Try Again, Santa Barbara

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If the City Council wants to seriously hear from the African American, Latino, and Chumash communities about developing a better relationship with the police department, don’t ask the City Attorney’s office. Ask existing community organizations that represent these marginalized communities and whose leaders are from these communities.

Basis for my comments:

I have brought thoughtful and powerful African-American voices, such as Pastor David Moore from Santa Barbara, to my congregation. As a result, we created a group led by Pastor Moore and myself that planned and helped to facilitate several serious conversations with members of the Santa Barbara Police Department and individuals from the African-American community.

In addition, Pastor Moore and I have brought programs dealing with racial and religious bias to Bishop Garcia Diego High School and to new recruits to the Santa Barbara Police Department.

Moreover, I am compelled by my Jewish tradition to weigh in heavily in support of fundamental teachings that clearly confront racism, “You shall love the stranger and love your neighbor as yourself” (Leviticus 19:18,34). The Jewish Scriptures command us 36 times to show our concern for those treated as marginalized among us. Our creation myths with one set of parents in the Garden of Eden remind us of the common origin of all human beings. This teaches that all people are descendants of a single set of parents so that no person can say, “My ancestor is greater than yours.”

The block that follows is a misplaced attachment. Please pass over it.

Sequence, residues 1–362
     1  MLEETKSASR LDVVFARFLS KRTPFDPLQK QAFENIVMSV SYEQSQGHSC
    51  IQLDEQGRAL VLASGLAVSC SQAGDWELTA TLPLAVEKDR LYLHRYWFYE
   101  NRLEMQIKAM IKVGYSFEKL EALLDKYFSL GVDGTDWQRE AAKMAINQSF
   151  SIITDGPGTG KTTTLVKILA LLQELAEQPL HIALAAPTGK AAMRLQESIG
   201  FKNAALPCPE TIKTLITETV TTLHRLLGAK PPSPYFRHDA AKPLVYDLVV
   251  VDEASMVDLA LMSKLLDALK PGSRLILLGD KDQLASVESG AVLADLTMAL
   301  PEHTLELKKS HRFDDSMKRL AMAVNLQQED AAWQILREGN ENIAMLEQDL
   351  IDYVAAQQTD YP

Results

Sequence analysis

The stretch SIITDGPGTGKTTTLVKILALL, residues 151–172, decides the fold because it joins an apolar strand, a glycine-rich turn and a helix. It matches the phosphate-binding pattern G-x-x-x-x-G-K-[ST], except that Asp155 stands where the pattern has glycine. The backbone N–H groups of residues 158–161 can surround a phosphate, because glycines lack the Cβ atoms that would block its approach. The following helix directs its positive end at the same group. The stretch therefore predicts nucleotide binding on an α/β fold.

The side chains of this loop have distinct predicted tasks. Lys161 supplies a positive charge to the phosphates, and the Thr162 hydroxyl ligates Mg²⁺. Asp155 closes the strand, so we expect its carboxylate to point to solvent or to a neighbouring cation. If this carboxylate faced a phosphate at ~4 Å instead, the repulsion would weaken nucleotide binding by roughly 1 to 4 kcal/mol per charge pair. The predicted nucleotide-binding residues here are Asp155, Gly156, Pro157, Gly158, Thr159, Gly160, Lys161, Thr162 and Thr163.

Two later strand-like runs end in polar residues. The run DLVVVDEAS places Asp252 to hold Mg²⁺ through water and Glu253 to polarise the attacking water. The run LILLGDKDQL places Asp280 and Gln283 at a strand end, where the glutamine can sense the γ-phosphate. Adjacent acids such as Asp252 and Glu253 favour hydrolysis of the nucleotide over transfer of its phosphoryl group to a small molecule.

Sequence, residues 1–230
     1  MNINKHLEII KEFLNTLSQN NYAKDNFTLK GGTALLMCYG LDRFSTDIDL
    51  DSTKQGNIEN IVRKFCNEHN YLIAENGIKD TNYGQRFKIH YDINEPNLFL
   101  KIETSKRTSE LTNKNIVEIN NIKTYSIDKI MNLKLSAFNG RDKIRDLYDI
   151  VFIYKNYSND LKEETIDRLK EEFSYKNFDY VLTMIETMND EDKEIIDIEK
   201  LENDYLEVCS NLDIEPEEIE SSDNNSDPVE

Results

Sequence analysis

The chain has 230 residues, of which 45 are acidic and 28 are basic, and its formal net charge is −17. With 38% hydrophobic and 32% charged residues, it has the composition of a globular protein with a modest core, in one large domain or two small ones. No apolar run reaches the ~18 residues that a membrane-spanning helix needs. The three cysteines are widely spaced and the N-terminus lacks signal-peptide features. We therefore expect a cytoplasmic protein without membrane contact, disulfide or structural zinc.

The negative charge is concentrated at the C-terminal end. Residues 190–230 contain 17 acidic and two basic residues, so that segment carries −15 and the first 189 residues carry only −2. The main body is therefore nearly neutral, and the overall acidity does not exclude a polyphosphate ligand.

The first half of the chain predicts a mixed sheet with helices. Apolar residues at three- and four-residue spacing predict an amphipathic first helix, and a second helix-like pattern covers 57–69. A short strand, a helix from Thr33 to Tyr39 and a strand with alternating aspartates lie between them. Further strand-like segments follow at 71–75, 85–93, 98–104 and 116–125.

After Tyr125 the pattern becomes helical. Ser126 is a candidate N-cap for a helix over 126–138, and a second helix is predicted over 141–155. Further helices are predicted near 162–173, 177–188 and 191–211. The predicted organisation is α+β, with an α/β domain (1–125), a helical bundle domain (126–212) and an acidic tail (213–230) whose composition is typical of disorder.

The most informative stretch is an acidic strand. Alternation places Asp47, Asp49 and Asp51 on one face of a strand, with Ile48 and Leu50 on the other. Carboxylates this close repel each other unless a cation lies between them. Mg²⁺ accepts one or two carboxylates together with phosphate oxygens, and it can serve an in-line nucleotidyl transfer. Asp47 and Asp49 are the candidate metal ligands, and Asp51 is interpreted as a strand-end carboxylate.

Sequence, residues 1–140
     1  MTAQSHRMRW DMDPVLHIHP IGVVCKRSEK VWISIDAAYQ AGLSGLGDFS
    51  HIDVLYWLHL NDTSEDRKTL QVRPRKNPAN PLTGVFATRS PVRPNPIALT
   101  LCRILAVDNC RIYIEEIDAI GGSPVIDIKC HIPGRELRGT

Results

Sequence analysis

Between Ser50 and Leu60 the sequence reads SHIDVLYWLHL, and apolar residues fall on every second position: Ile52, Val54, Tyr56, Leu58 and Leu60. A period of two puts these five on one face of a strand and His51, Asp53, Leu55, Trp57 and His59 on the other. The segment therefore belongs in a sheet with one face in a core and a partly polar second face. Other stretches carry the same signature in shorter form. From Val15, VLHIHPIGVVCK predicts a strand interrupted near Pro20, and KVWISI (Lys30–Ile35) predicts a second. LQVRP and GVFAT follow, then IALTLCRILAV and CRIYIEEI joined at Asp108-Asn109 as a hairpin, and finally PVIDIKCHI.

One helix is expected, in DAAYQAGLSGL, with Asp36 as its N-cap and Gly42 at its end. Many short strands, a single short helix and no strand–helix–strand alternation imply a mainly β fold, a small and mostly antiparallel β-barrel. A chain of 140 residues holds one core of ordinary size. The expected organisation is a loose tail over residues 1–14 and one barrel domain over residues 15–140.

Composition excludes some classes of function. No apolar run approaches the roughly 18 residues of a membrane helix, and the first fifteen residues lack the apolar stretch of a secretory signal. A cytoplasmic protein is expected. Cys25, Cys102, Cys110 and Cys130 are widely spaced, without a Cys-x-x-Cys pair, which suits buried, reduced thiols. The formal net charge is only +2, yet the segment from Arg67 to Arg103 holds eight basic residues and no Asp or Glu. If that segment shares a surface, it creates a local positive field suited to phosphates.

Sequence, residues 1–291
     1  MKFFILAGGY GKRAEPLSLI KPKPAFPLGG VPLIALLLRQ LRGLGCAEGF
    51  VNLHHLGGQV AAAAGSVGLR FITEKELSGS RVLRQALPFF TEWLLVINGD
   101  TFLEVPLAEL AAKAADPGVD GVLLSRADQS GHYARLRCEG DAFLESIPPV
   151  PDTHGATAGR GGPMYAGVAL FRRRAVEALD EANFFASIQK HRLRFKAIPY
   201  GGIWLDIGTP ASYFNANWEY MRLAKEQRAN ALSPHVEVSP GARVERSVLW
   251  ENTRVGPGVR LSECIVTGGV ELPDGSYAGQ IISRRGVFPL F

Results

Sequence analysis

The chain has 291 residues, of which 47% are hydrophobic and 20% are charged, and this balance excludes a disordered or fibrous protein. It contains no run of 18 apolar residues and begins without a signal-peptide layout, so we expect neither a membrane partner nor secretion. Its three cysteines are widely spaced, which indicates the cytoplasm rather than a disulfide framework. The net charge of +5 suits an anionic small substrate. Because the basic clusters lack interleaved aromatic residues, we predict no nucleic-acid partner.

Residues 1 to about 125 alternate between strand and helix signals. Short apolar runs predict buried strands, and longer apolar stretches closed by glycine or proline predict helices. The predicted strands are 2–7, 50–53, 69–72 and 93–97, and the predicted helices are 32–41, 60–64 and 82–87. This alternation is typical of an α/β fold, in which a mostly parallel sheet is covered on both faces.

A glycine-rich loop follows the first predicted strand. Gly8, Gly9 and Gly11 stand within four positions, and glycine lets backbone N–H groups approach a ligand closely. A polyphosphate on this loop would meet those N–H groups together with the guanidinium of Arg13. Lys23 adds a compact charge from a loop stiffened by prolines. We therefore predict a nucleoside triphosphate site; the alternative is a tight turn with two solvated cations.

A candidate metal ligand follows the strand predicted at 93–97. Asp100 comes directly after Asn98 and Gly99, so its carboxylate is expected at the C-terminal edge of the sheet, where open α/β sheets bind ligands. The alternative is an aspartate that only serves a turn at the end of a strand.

Rabbi Abraham Joshua Heschel taught that racism is a “treacherous denial of the existence of God.” The Torah teaches the equality of all human beings created in the image of God (Genesis 1:27).

Suggestions based on my belief that a community organization is best suited to more effectively provide forums for community input rather than a city agency. Such a community organization should be:

1) A well-know existing community organization that already has a strong and respected reputation for bringing together voices from those marginalized along with other groups in our community.

2) That the leadership of this community organization clearly and strongly includes known leaders from marginalized communities within Santa Barbara

3) And that that organization have proven engagement techniques that allow for community input in civil, respected,
and an honest manner to maximize the opportunity for all voices to be heard

Some organizations to consider could include: Fund for Santa Barbara, Healing Justice, Common Table, El Centro.

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